1) Identify exposures and risks specific to the business and employees. These may differ slightly, but almost always include contact with coworkers, the public and various surfaces. Review the Occupational Safety and Health Administration COVID-19 guidance to determine exposure risk level—low, medium, high or very high. Take its directives seriously, study them and decide how to implement them.
While OSHA’s guidance is just that—guidance and not law—it is the law that employers are required to provide a workplace free from any recognized hazard likely to cause harm to an employee. It follows then, that if a business is strictly following OSHA guidance, it will almost certainly be in compliance with the safe-workplace law.
2) Verify all state, city or local COVID-19 related restrictions. This is especially important now, when many city mayors are providing different reopening guidelines and timelines than state governors and the nation at large. It is critical to ensure compliance on both a state and local level. Employers who operate in various locations across the U.S. should be mindful that the parameters in each city and state will likely vary and adjust accordingly.
3) Outline the specific measures to be implemented. These could include requiring both customers and employees to wear masks, performing daily temperature and symptom checks of all employees, having hand sanitizer available in critical locations, restricting entry to 50% capacity, using every other register, offering only self-checkout, or installing plastic barriers and sneeze guards.
4) Be sensitive to and mindful of employee’s individual needs and risk factors. Proactively ask employees to advise their manager if they have any specific risk factors—such as being part of a vulnerable population or caring for a person in a vulnerable population—so that these can be addressed on a case-by-case basis. Maintain flexible policies that permit employees to stay home and care for a sick family member. A one-size-fits-all approach may not be best. Instead, take into account an employee’s needs, the job’s essential functions and get creative about workarounds.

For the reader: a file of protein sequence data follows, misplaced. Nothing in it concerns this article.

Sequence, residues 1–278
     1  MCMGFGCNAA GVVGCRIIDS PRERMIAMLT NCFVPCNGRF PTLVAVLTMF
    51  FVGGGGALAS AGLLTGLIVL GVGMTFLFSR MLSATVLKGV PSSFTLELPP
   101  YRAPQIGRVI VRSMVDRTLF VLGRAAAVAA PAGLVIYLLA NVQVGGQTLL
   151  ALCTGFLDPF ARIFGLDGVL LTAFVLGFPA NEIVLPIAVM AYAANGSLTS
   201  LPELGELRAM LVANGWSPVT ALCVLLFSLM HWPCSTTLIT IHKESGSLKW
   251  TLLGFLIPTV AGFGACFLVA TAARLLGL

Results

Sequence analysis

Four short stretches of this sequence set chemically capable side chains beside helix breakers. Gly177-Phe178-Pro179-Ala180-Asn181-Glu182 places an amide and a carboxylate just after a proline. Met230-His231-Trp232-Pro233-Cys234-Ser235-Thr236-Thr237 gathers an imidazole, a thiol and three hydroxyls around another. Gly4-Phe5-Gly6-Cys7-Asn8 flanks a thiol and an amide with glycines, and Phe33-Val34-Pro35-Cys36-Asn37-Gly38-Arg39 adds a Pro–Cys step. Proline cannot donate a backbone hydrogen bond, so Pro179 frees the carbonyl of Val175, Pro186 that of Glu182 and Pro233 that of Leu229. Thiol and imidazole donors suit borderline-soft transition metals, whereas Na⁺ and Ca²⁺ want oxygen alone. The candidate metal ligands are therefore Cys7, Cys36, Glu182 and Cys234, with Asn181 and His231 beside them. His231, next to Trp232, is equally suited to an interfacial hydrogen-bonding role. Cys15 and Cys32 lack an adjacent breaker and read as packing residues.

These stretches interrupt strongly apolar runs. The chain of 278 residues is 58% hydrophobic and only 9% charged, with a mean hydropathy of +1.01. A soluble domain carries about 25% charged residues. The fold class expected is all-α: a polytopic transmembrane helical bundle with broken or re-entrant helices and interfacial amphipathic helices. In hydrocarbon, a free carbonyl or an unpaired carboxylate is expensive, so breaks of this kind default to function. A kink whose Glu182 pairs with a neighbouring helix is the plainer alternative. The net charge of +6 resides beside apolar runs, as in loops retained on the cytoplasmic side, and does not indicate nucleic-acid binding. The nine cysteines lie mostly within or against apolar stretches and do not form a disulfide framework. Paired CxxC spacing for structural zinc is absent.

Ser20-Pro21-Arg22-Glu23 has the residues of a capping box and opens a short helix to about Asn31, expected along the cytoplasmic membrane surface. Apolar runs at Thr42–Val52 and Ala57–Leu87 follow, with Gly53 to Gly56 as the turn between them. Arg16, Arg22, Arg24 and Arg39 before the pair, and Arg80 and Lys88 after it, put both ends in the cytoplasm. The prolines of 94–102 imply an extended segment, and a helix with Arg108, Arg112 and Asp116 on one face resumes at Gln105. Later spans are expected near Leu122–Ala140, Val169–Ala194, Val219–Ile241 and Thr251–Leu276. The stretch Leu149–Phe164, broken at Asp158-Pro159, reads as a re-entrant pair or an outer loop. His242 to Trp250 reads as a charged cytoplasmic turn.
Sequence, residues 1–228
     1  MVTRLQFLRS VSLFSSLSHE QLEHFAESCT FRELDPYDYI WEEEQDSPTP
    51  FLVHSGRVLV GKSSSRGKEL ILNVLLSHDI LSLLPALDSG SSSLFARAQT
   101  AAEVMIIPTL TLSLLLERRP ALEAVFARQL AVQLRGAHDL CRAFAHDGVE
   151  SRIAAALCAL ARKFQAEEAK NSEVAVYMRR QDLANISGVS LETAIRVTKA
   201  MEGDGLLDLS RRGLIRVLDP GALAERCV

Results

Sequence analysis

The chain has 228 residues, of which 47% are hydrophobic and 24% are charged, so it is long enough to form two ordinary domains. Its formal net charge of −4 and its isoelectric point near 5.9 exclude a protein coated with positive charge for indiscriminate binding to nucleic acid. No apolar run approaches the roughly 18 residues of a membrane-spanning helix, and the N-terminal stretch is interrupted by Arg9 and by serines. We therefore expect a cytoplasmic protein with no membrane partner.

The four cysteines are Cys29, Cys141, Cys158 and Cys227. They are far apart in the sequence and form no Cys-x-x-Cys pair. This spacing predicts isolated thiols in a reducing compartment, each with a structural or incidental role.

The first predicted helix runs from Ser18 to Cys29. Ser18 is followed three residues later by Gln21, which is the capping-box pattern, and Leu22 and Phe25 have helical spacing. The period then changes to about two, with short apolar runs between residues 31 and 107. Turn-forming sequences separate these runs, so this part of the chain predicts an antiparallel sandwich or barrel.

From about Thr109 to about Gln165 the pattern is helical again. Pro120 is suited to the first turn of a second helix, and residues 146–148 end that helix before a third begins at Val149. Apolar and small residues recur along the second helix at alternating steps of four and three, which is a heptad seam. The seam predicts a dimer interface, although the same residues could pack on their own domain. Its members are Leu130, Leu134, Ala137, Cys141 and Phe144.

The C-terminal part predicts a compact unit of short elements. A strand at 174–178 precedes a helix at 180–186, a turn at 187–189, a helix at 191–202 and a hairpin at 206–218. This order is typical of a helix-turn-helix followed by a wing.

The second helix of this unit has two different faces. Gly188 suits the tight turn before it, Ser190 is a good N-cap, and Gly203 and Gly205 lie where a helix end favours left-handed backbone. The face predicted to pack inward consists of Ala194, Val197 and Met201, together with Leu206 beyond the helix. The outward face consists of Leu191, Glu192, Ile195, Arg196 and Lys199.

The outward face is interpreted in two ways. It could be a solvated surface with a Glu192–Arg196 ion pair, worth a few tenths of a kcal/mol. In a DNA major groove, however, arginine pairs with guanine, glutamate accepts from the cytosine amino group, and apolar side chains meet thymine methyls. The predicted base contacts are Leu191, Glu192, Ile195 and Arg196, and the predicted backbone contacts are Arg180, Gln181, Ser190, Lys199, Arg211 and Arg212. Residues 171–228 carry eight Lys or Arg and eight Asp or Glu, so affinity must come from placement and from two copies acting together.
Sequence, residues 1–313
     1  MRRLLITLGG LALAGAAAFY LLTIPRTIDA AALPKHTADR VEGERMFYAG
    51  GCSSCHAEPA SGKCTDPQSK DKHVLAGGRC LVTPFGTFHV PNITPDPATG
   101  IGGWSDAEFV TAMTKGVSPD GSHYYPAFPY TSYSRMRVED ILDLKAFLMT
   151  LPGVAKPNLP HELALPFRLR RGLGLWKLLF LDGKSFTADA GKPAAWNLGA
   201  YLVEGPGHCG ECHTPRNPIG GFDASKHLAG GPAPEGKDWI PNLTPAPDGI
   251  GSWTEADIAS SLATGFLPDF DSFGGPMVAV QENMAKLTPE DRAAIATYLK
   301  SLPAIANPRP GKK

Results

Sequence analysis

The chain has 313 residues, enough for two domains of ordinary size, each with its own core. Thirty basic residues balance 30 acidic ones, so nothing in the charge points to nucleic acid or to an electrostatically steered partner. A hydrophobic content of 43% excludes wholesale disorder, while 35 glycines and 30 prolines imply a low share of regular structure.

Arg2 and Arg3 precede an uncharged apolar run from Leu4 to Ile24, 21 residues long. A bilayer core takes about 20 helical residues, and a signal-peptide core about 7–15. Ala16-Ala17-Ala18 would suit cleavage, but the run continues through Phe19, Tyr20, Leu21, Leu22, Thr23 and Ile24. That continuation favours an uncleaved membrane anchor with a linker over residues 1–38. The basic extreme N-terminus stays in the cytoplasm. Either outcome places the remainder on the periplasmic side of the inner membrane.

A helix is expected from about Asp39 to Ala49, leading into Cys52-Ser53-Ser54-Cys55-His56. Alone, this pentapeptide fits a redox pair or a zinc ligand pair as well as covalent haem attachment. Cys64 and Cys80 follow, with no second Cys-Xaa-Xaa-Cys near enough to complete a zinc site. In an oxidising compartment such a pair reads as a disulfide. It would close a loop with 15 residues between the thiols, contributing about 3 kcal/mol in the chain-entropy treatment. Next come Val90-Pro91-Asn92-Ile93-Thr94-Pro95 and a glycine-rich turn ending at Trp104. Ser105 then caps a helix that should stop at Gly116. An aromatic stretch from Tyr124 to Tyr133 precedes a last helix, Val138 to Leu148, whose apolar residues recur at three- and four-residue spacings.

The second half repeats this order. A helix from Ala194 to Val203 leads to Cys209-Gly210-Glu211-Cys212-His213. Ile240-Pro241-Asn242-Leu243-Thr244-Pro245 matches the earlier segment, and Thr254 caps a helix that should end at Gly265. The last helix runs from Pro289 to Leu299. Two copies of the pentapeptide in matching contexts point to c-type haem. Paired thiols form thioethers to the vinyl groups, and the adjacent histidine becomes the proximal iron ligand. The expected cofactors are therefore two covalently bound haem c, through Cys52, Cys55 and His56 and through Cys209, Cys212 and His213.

5) Establish a policy around identifying and isolating potentially infectious employees. Develop clear protocols for employees to ensure that they are reporting sickness and isolating if necessary. Actively direct sick employees to stay home. Ensure that sick leave policies are flexible and consistent with public health guidance—and that employees are aware of them. Do not require a health care provider’s note to validate sickness, as medical offices may not be able to provide such documentation in a timely manner.
Reviewing the Equal Opportunity Commission COVID-19 guidance can help eliminate many common concerns around monitoring employee’s health. Whereas under normal circumstances, employers are not permitted to give employees medical exams because it violates the federal Americans with Disabilities Act, the EEOC has now relaxed those guidelines in pursuit of ensuring safety. As such, employers should do everything legally permitted in order to ensure that their employees don’t have the virus and aren’t infecting others in the workplace.
6) Lastly, keep employees informed about what you are doing to keep them safe. Communicate with workers in writing and verbally in as many languages as are necessary and make leaders available for questions. Be aware of and address openly workers’ concerns about pay, sick leave, safety, health, and other issues that may arise during COVID-19.
Maintain regular and transparent communication as circumstances change. Informed workers who feel safe at work are less likely to be unnecessarily absent and much more likely to return to work as things reopen. This pandemic is a very fluid and evolving situation and the policies that make sense this week may not make sense the next. Be prepared for and comfortable with changes.
One final note—if there are concerns about potential legal exposure in the past several weeks, be sure to retroactively document the actions your company took to provide a safe workplace. At a minimum, these should include compliance with all state orders and guidance beginning on the date it was given.
Being able to demonstrate that the company paid attention, stayed informed and complied with the appropriate regulations will go a long way towards protecting against liability.
This is a situation that will continue to evolve regularly and rapidly over the next 12 months, and strong preparedness combined with fast and flexible responses to new developments will serve and protect businesses well.
Christine Lamb, a leading employment lawyer and partner at Fortis Law Partners, has over 25 years of experience defending companies in employment lawsuits and counseling companies and executives on human resources and personnel issues.